At Vulture, Kathryn Schultz praises Geoff Dyer’s uncanny success with books “based on dubious ideas”—say, the unpromising “scene-by-scene analysis of a three-hour Russian film,” or the annoying-sounding book about “the author’s inability to write it.” But Dyer is a master: “The essential fact about [his] nonfiction is that it works beautifully when it shouldn’t work at all.” Another Great Day at Sea came out yesterday.
Speaking of the BookExpo—or BEA, as it’s known—a good twenty thousand “industry folk” are expected to attend this year’s convention, which will be held May 28-31 at the Javitz Center in Manhattan.
The New York Review of Books offers a grim new poem by Frederick Seidel, “Robespierre”: “There’s a wishing well in hell / Where every wish is granted. / Decapitation gets decanted. / Suppose you have the chance / To guillotine the executioner after having guillotined everyone else in France?”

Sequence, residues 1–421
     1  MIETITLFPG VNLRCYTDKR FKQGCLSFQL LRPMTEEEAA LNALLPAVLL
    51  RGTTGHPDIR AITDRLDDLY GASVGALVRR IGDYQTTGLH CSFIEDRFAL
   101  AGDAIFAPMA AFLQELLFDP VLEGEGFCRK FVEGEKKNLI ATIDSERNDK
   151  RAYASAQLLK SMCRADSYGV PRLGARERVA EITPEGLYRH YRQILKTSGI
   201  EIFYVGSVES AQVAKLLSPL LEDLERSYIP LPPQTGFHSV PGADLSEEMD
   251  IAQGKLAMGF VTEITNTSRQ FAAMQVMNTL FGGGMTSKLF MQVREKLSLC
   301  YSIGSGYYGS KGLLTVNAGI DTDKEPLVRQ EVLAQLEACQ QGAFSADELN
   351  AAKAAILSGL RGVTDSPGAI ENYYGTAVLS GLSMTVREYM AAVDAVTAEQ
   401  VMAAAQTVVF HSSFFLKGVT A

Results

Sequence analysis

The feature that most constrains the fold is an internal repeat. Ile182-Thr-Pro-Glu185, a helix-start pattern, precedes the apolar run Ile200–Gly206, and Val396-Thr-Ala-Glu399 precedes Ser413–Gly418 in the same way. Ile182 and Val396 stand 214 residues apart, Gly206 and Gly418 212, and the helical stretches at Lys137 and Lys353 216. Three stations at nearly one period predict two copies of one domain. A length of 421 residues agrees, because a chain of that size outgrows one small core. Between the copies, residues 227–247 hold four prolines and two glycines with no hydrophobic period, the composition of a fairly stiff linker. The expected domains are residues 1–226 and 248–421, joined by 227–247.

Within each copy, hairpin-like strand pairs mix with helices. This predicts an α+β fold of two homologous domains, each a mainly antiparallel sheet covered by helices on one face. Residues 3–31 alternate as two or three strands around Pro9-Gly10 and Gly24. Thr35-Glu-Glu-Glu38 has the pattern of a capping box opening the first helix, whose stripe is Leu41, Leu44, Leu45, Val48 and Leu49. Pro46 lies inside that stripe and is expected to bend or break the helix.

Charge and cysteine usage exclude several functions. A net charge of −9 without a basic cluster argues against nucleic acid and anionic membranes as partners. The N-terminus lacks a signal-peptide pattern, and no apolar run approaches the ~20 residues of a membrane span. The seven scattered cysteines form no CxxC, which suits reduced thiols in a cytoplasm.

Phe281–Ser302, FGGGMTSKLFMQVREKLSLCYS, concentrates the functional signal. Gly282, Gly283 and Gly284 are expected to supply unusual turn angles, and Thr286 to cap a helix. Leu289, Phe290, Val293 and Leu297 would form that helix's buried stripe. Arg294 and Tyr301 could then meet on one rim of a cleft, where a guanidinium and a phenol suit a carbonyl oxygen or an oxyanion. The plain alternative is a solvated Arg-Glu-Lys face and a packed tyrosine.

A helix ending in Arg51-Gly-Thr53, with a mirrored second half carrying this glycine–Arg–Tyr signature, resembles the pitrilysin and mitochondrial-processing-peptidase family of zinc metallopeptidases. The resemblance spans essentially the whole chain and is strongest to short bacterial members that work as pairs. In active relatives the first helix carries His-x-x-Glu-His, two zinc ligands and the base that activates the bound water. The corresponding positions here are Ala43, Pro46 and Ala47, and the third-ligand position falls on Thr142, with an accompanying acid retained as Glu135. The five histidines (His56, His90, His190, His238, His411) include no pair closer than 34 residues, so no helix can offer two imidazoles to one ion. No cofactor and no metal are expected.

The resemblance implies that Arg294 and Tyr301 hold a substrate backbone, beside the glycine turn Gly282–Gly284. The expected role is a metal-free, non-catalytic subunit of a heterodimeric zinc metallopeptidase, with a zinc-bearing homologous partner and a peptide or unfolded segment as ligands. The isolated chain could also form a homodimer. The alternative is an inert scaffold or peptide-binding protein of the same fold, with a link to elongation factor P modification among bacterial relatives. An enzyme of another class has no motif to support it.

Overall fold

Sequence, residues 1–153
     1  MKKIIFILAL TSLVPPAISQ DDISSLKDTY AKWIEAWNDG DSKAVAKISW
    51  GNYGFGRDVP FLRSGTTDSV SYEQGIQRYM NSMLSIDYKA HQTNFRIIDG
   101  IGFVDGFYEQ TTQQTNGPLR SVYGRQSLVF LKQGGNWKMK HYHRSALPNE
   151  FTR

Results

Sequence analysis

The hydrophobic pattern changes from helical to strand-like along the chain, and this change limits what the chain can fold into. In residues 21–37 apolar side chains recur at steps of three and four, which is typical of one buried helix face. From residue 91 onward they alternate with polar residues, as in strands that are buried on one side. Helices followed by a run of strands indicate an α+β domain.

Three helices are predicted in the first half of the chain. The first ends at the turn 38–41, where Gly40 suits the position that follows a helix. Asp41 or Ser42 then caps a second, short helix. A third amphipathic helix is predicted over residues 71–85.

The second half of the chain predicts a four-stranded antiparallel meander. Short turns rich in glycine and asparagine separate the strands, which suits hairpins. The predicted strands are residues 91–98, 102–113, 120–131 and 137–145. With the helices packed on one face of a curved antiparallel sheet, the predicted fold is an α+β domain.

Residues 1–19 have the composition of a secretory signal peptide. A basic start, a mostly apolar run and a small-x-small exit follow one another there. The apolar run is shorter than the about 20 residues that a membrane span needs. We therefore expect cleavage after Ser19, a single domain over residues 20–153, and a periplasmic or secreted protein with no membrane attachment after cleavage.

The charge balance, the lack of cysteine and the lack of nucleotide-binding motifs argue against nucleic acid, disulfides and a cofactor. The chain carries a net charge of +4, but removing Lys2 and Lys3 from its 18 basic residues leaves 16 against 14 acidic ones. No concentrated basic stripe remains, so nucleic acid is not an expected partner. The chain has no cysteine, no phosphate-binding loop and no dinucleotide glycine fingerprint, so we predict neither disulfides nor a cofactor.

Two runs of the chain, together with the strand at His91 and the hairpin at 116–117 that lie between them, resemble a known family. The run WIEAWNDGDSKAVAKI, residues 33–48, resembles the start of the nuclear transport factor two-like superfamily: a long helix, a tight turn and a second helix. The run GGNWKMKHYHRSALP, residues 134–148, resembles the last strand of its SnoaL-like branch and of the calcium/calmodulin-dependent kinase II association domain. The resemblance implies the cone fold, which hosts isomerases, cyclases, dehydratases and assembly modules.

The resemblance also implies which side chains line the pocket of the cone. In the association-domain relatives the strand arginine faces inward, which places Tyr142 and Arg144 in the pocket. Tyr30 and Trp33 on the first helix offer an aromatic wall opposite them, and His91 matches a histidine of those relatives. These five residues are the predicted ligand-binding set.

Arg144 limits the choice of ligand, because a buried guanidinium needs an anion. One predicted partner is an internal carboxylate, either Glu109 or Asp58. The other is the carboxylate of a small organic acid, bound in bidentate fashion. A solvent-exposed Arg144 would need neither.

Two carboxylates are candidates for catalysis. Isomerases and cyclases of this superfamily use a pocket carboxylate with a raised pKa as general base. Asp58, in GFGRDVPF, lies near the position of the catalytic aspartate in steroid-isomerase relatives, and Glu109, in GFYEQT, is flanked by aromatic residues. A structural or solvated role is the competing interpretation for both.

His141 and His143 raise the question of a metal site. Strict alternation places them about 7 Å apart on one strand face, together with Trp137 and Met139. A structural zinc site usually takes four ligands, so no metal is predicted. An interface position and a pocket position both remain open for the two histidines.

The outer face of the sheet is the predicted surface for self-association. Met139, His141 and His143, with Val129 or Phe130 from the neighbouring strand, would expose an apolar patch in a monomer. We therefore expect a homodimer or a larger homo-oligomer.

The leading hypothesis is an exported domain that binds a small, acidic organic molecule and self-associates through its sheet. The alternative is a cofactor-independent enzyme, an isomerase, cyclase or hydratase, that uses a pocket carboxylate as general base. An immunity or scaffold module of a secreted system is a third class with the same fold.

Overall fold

At the Paris Review Daily, Ted Trautman reports from Austin’s O. Henry Pun-Off World Championships. In the “Punslingers” portion of the event, contestants compete to come up with as many puns as possible on a given theme, a game that “rewards a contestant for the quantity of her puns rather than their quality.” The going wasn’t easy: “As the moderators explained several times, in a refrain later echoed by desperate contestants defending their ripostes, ‘It doesn’t have to be good. It just has to be a pun.’”
Lisa Darms, an archivist at the Fales Library, interviews Hedi El Kholti of Semiotext(e) about the independent publisher’s inclusion in the Whitney Biennial. “I am not sure if a press belongs in a museum show,” El Kholti says, but “there is a tradition of reading rooms in museums.” And “a lot of things end up in the art world because it’s the last remaining place that offers some kind of freedom and a context.”